Record DetailsSimilar RecordsGoogle PlusoneFacebookTwitterCiteULikeMendeleyreddit

APA · Chicago · MLA · Vancouver · CSE | Export to Zotero / EndNote / Reference Manager

APA (6th Edition):

Singh, M. (2009). Pharmaco-immunological-virological dynamics in intrapartum HIV-1 transmission (PIVD study). (Doctoral Dissertation). University of KwaZulu-Natal. Retrieved from http://hdl.handle.net/10413/686

Chicago Manual of Style (16th Edition):

Singh, Michelle. “Pharmaco-immunological-virological dynamics in intrapartum HIV-1 transmission (PIVD study).” 2009. Doctoral Dissertation, University of KwaZulu-Natal. Accessed September 24, 2020. http://hdl.handle.net/10413/686.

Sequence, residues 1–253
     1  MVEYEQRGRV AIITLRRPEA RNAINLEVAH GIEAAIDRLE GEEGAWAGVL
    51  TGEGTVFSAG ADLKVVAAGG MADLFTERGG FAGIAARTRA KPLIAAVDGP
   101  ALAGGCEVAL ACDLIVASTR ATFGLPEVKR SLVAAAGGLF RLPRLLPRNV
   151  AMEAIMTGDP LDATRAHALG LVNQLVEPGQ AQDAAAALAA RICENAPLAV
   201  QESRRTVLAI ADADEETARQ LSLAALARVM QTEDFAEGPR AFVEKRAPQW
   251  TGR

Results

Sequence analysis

MLA Handbook (7th Edition):

Singh, Michelle. “Pharmaco-immunological-virological dynamics in intrapartum HIV-1 transmission (PIVD study).” 2009. Web. 24 Sep 2020.

Vancouver:

Singh M. Pharmaco-immunological-virological dynamics in intrapartum HIV-1 transmission (PIVD study). [Internet] [Doctoral dissertation]. University of KwaZulu-Natal; 2009. [cited 2020 Sep 24]. Available from: http://hdl.handle.net/10413/686.

Council of Science Editors:

Singh M. Pharmaco-immunological-virological dynamics in intrapartum HIV-1 transmission (PIVD study). [Doctoral Dissertation]. University of KwaZulu-Natal; 2009. Available from: http://hdl.handle.net/10413/686